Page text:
Home / News / India /  How Himalayan glaciers are resisting global warming

Researchers have made great progress in unravelling why a few areas of glaciers in the Karakoram Range are defying the global trend of glaciers losing mass, with the Himalayas being no exception, and resisting glacial melt caused by climate change. They have linked the recent resurgence of western disturbances (WDs) to this phenomenon known as the "Karakoram Anomaly" (WDs).

In the context of India, Himalayan glaciers are of utmost importance, particularly for the millions of people who live downstream and depend on these perennial rivers for their daily water demands. Under the effects of global warming, they are rapidly disappearing, and in the ensuing decades, suffocating demand on the water supplies is unavoidable. The glaciers in the central Karakoram, on the other hand, have surprisingly remained the same or even slightly risen during the past few decades. Glaciologists have been baffled by this phenomena, which has given opponents of global warming a very unusual straw to grasp onto.

This behaviour seems to be limited to a relatively small area, with only the Kunlun ranges being another example of demonstrating comparable characteristics throughout the entire Himalaya, according to Dr. Pankaj Kumar, Associate Professor at the Indian Institute of Science Education and Research (IISER) Bhopal.

A recent study conducted under his supervision has postulated a new theory to explain this defiance of the impacts of global warming in certain pockets as opposed to other glaciers of the region.

In a paper published in the American Meteorological Society’s Journal of Climate, his group claimed that the recent revival of western disturbance has been instrumental in triggering and sustaining the Karakoram Anomaly since the advent of the 21st century. The study was supported by the Climate Change Programme of the Department of Science and Technology.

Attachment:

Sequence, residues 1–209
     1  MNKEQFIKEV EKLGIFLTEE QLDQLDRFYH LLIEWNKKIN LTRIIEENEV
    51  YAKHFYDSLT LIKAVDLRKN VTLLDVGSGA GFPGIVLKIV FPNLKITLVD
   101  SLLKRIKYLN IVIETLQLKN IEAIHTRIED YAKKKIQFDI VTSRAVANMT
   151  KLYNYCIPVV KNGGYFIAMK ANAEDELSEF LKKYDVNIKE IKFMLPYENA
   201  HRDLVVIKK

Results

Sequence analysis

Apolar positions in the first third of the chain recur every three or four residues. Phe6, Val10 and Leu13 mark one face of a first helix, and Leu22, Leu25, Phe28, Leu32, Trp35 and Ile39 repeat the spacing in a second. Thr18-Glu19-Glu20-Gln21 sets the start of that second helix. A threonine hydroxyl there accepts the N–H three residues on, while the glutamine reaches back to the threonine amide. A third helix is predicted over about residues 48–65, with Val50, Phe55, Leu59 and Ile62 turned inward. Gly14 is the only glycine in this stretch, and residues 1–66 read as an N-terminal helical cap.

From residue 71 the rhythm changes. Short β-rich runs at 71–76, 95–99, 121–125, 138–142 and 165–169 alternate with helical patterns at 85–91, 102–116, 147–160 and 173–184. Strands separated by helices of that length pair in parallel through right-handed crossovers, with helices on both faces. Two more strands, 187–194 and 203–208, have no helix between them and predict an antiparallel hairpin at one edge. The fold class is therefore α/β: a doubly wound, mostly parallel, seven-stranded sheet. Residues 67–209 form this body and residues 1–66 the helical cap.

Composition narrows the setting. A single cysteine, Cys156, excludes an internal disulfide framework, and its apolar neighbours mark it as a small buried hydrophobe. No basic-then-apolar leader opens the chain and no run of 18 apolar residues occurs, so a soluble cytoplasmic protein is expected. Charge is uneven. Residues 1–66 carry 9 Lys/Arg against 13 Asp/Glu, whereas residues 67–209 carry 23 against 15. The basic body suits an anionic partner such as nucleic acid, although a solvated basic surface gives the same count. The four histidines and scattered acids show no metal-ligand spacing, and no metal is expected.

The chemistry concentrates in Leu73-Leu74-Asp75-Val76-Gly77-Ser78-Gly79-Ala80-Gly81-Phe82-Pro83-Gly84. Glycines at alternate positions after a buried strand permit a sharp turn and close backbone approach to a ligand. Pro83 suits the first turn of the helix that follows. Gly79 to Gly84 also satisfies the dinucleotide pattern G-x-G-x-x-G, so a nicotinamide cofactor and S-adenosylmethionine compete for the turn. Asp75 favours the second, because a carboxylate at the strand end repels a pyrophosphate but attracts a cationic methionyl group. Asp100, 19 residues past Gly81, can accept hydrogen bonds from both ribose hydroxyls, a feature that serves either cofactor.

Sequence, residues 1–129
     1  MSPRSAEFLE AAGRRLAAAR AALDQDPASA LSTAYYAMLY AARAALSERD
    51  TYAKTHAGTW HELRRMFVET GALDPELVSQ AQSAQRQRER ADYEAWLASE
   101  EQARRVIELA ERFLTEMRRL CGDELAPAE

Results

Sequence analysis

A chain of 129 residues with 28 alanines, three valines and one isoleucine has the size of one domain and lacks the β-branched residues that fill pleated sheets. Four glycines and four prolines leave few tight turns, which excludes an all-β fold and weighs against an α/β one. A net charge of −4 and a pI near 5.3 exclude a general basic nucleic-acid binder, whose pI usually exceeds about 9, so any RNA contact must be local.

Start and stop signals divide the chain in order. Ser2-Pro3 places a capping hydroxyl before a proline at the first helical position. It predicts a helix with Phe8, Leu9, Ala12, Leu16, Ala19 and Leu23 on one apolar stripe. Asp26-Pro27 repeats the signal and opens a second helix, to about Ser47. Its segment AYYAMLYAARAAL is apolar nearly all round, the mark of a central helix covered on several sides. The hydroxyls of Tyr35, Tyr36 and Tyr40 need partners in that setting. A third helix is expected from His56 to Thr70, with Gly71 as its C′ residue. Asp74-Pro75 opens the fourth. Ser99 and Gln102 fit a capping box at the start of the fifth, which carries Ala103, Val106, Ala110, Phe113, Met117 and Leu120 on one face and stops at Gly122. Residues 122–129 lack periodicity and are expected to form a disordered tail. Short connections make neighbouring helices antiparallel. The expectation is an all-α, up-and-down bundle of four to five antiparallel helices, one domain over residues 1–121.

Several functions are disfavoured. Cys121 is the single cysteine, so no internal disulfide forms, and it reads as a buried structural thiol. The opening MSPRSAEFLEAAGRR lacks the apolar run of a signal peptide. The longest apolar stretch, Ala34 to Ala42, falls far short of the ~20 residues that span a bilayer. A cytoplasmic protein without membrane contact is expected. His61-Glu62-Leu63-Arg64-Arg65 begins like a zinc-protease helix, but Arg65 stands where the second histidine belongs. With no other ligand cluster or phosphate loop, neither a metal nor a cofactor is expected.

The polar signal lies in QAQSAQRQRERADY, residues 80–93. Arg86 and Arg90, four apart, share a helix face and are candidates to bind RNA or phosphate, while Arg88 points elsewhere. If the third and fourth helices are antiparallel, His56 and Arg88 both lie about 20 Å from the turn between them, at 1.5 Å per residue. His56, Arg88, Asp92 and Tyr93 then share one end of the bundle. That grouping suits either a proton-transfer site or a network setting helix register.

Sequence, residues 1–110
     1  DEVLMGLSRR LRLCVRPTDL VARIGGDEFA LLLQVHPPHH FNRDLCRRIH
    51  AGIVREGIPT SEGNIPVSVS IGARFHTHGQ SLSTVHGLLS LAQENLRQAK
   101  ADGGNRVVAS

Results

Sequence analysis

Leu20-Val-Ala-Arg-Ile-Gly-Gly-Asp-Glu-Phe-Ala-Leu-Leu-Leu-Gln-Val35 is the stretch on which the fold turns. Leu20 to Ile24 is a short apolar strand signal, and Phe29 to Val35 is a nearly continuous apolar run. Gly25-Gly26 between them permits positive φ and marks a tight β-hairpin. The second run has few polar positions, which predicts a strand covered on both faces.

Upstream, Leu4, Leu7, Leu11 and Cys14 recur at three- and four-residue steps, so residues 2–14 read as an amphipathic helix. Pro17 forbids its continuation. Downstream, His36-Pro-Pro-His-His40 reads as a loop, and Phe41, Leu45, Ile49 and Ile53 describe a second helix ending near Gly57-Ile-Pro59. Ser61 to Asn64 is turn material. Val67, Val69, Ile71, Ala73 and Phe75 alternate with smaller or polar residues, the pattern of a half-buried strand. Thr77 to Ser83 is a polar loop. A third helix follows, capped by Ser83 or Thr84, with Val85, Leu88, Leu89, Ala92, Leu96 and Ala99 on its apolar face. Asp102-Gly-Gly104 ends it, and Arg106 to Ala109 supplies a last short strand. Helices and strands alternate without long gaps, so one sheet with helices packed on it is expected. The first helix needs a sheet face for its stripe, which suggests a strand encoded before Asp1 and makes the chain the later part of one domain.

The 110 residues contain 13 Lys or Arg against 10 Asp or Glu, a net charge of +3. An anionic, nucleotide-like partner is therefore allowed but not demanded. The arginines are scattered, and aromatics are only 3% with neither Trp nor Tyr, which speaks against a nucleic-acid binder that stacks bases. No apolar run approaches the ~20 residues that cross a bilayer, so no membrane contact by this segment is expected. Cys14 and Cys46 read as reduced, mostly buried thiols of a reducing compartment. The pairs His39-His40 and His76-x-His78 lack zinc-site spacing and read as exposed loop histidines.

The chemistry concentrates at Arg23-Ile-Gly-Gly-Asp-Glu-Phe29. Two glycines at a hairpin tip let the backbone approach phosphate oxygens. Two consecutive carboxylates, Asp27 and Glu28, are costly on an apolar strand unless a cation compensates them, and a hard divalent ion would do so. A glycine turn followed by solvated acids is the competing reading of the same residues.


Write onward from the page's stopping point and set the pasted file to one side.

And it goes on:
It is for the first time that a study brought forth the importance that enhanced WD-precipitation input during the accumulation period plays in modulating regional climatic anomalies.

Aaquib Javed, a Ph.D. student of Dr. Kumar and lead author of the study, said, “WDs are the primary feeder of snowfall for the region during winters. Our study suggests they constitute about 65% of the total seasonal snowfall volume and about 53% of the total seasonal precipitation, easily making them the most important source of moisture. The precipitation intensity of WDs impacting Karakoram has increased by around 10% in the last two decades, which only enhances their role in sustaining the regional anomaly."

The team used three distinct global reanalysis datasets and a tracking algorithm (created at the University of Reading) to track and generate a thorough list of WDs that have affected the Karakoram-Himalayan region during the past four decades. The examination of the tracks that cross the Karakoram demonstrates how important snowfall is in determining mass balance estimates.

While previous studies have highlighted the role of temperature in establishing and sustaining the anomaly over the years, it is for the first time that the impact of precipitation in feeding the anomaly has been highlighted. The researchers have also quantified the impact of precipitation in feeding the anomaly.

Calculations by the scientists reveal that contribution of WDs in terms of snowfall volume over the core glacier regions of Karakoram have increased by about 27% in recent decades, while precipitation received from non-WD sources have significantly decreased by around 17%, further strengthening their claims.

“The anomaly provides a very bleak but nonetheless a ray of hope towards delaying the inevitable. After recognising the importance of WDs in controlling the anomaly, their future behaviour might very well decide the fate of Himalayan glaciers as well," Dr. Kumar pointed out.

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